When I entered the triathlon world more than a decade ago, I wasn’t sure what to expect. I knew I would get in better shape, I was pretty sure I would enjoy the competitive aspect of it, and I was admittedly anxious about becoming a swimmer and a road cyclist – two things that were new to me. Now, many years and races later, I can say that deciding to do triathlons was one of the best decisions that I ever made. I just wish there were a few things I wish somebody would have told me during that first season. Perhaps someone did tell me, and I just didn’t listen.
Here are seven things I wish I would have known as a new triathlete.
It is all about staying healthy.
Some new triathletes are trying to be finely-tuned athletes, applying their training a discipline to a new sport. Others are simply trying to find a way to get back in shape and have fun doing it. Maybe others have “do a triathlon” on their bucket list and want to do just one. Regardless of where you fall on the spectrum, know one thing: The name of the game is to train safely and not get injured. During the first couple years of doing tris when I adopted the sport with vigor, I found myself getting hurt far too often. Tight hamstrings, IT Band issues, and a shoulder that was telling me my swim stroke was off. I had to fundamentally adjust my training, because if you are not able to compete in races, it doesn’t matter how fast you are becoming. The lesson: Ramp-up your training gradually, stretch, and pay attention to your body. Goal #1 is to be able to race. Racing faster is great, but it requires you to be healthy.
When I was a new triathlete, I had some people tell me that you can gut out a Sprint triathlon regardless of how you feel or the conditions. Most of the triathlon nutrition articles focused on the HIM and IM distance races. Even if you are doing a Sprint or Olympic race, understanding how to fuel your body is a core skill of triathlon. A car is at its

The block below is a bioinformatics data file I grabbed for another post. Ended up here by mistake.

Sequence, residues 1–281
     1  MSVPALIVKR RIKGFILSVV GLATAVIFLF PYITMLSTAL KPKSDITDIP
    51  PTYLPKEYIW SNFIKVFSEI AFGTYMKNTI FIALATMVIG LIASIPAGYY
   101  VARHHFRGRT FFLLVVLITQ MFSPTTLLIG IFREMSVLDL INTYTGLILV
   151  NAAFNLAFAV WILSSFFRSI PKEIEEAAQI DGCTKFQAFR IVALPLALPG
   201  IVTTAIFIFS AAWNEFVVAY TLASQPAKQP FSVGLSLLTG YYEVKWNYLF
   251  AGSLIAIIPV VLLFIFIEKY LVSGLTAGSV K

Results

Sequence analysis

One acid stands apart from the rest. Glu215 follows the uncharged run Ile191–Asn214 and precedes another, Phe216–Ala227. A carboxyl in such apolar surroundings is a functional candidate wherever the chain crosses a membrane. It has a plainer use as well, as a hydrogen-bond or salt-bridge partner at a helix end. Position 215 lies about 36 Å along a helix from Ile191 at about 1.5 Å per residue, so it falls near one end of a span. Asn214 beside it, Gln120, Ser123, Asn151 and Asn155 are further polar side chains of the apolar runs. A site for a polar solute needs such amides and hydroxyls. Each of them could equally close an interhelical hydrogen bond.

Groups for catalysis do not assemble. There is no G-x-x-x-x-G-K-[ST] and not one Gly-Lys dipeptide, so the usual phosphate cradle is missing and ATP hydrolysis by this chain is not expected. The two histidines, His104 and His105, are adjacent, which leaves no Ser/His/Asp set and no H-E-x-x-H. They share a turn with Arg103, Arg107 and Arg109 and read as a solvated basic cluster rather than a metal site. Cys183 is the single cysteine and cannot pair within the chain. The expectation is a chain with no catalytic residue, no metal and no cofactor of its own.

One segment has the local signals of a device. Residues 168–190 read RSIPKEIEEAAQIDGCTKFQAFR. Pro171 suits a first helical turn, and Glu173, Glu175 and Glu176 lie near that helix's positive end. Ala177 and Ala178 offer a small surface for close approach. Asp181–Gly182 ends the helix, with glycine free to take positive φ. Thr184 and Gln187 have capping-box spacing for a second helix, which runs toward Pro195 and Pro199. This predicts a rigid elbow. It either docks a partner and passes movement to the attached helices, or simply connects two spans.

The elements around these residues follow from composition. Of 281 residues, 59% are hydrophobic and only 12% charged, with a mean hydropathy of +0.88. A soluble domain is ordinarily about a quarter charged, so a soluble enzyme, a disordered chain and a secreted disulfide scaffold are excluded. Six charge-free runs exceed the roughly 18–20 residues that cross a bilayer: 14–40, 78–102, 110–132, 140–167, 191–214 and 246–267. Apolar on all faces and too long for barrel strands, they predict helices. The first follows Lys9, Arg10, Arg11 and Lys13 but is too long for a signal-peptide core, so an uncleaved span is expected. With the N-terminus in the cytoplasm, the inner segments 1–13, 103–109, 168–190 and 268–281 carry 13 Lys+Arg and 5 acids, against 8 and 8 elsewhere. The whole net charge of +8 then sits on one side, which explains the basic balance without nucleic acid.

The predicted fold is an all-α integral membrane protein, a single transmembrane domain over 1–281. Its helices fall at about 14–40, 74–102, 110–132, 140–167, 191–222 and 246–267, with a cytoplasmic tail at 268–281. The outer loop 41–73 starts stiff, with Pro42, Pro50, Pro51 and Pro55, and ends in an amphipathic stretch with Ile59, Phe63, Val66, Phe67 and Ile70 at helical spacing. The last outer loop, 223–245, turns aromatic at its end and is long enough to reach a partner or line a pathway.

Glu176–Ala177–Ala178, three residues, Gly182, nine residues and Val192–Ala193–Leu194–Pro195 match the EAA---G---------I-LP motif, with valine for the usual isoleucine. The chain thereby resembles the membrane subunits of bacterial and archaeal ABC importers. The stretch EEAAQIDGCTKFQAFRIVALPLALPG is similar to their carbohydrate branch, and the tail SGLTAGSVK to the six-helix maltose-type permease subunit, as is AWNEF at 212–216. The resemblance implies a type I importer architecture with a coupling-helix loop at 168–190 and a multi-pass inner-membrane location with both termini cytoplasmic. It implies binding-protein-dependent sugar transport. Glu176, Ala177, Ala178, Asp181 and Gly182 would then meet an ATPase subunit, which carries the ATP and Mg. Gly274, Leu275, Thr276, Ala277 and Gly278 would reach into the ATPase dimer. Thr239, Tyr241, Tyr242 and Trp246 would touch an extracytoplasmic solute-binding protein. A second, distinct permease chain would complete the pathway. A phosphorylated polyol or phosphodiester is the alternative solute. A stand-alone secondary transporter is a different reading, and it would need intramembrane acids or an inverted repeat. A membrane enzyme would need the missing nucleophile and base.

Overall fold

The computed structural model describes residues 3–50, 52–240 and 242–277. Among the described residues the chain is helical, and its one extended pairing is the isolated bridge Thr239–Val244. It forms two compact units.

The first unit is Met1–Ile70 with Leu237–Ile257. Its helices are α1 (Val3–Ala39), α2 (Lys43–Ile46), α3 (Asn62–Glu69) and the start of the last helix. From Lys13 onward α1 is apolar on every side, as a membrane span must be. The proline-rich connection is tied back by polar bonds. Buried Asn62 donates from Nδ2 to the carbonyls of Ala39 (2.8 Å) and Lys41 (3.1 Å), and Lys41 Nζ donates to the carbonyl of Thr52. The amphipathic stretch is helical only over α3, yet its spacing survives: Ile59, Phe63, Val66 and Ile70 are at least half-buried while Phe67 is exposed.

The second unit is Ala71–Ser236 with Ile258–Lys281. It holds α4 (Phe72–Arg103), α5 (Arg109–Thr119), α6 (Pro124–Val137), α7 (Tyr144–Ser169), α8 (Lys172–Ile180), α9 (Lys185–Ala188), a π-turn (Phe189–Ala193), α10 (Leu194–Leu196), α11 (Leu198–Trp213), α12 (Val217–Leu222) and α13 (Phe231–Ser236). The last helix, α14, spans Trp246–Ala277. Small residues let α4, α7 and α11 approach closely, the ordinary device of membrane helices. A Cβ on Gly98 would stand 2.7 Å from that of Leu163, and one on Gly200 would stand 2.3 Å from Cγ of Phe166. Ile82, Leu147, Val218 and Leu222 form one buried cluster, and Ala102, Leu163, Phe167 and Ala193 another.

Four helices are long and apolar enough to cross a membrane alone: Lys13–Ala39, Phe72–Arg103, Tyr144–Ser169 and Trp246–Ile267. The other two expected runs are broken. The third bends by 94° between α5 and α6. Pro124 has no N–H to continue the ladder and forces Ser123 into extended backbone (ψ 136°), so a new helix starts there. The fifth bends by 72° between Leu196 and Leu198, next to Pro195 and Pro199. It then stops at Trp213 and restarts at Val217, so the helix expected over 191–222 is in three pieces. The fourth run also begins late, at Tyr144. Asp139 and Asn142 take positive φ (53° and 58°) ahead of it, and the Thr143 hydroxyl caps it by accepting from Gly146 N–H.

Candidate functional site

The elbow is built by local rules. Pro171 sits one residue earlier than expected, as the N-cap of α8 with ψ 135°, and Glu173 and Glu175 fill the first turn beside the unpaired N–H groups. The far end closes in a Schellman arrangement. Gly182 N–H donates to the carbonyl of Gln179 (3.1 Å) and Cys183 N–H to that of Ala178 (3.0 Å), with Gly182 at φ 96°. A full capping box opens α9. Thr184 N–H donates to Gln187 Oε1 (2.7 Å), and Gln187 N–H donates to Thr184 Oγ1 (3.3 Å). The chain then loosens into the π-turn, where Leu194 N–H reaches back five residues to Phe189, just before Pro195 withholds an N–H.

fastest if it has some fuel in the tank – not completely full, and not empty – and the right kind of fuel. The same goes for athletes, and that balance is different for everyone. I once bonked in a sprint triathlon, on the run leg, on a hot day. From that point on, hydration and nutrition have been something I think about, even if I am doing a short race. It might just be understanding how many swigs of water to take on the bike ride, and figuring out the perfect pre-race breakfast for you…. But don’t leave it to chance.
Rest is a big part of a good training plan.
Nearly every triathlete hits a phase, once addicted to the sport, where it feels unnatural to not workout. Even if it is the mythical “recovery run”, many triathletes feel better knowing they did something rather than just rest. This is the wrong approach. Rest is not only a net positive, but it is something you should proactively work into your training plan, with a little more frequency than you probably think you need. I was reminded of the need for rest one season after doing my “A-Race”, a challenging Olympic course in early June. I trained hard, and did very well. After the race, I travelled in Europe for a couple weeks. I did not even bring running shoes. I didn’t do a single workout, other than walking around old world cities, for more than 15 days. When I got back, I started doing a few runs and bike rides, and then on a whim decided to do a longish Sprint. Despite not training hard for nearly a month, it was the fastest bike pace I have ever turned in. The lesson: Taking time off is necessary, and even building extended time off between races can actually be a great thing.
Open water swimming really is different.